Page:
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I would like to make a circuit that can heat up an object to a very high temperature, similar to an electric griddle or coffee cup warmer. What kind of heating elements do they typically use and where can I buy them? They should be pretty easy to power with 120VAC right? I just need to be able to switch it on and off from an MCU.

Target temperature is ~200°C

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  • \$\begingroup\$ What temperature? \$\endgroup\$ – Leon Heller Feb 9 '11 at 20:20
  • \$\begingroup\$ about 200C. I want to heat up a thin rectangle of aluminum about 3" x 5" and .25" thick. \$\endgroup\$ – PICyourBrain Feb 9 '11 at 20:51
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    \$\begingroup\$ is that temperature for the heating element or the heating target? And what is the allowable variance for the temperature of the target? I think you'll find that this will have a massive influence on your design as heating up a block the size your talking around to a uniform temperature, even maybe +-10 degC is a more difficult task than getting the heating element to a particular temperature. Although a heating element of that size is likely going to have to be segmented with independent monitoring of segments to approach uniform heating over that area. \$\endgroup\$ – Mark Feb 10 '11 at 0:44
  • \$\begingroup\$ Just so we're clear, you are going to run this off a relay right? \$\endgroup\$ – drxzcl Feb 11 '11 at 9:38
  • \$\begingroup\$ @Ranieri: Yes an SSR Triac \$\endgroup\$ – PICyourBrain Feb 11 '11 at 14:05
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Resistance wire is what you want. This is used in (at least older) space headers. But make sure you have a fail-safe.

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  • \$\begingroup\$ Where can you get resistance wire? \$\endgroup\$ – PICyourBrain Feb 9 '11 at 22:14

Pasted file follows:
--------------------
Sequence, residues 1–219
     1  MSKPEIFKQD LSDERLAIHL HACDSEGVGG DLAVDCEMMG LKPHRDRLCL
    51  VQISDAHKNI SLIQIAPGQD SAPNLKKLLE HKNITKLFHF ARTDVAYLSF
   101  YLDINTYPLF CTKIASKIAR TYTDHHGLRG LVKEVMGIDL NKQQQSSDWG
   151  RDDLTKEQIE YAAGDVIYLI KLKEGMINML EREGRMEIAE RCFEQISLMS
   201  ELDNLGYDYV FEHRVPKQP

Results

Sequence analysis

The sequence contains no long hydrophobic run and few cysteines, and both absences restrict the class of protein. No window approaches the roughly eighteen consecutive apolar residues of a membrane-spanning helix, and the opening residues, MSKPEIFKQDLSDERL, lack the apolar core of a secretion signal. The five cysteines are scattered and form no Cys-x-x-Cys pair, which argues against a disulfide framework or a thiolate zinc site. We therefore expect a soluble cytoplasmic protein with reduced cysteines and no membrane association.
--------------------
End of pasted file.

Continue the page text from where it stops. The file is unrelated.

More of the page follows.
• \$\begingroup\$ Look for something like Nichrome 60 \$\endgroup\$ – Dave Feb 10 '11 at 0:42
  • \$\begingroup\$ I think I am going to use this approach. It seems to be the most cost effective way of getting a lot of heat. \$\endgroup\$ – PICyourBrain Feb 17 '11 at 0:24
  • \$\begingroup\$ @PICyourBrain, The main reason it was such a commonly used product, cheap and effective! \$\endgroup\$ – Kortuk Mar 10 '11 at 1:24
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A metal-clad wirewound resistor makes a pretty good ready-made heating element enter image description here

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  • \$\begingroup\$ Hmm, now let's work out how we can make an 8K2 wirewound resistor very hot....!! \$\endgroup\$ – Linker3000 Feb 10 '11 at 20:10
  • \$\begingroup\$ Lol. Right now, my most viable option is using these resistors. I found some 50Watt, 20 ohm-ers for a couple bucks each. If I run 120VAC through four of them that should give me some pretty good heat. We'll see..... \$\endgroup\$ – PICyourBrain Feb 11 '11 at 14:09
  • \$\begingroup\$ That's the other nice thing - they are available for pretty much any supply voltage and output power you need! Just don't be tempted to thinking that as they are metal you can very grossly overload them - I've seen taser-like failure modes where the end blows off pulling a trail of live wire behind it! \$\endgroup\$ – mikeselectricstuff Feb 12 '11 at 23:50
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You want a cartridge heater.

enter image description here

Fortunately, cartridge heaters are very cheap.

McMaster Carr Cartridge Heaters
Google Shopping

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I would recommend looking at silicone heater pads, which take 120VAC. McMaster is one place that has them. http://www.mcmaster.com/#silicone-heaters/=aypumy. You can pair them with a thermocouple and inexpensive PID controller to regulate the temperature.

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  • \$\begingroup\$ only thing is, these run on DC \$\endgroup\$ – Matt Williamson Feb 14 '11 at 5:22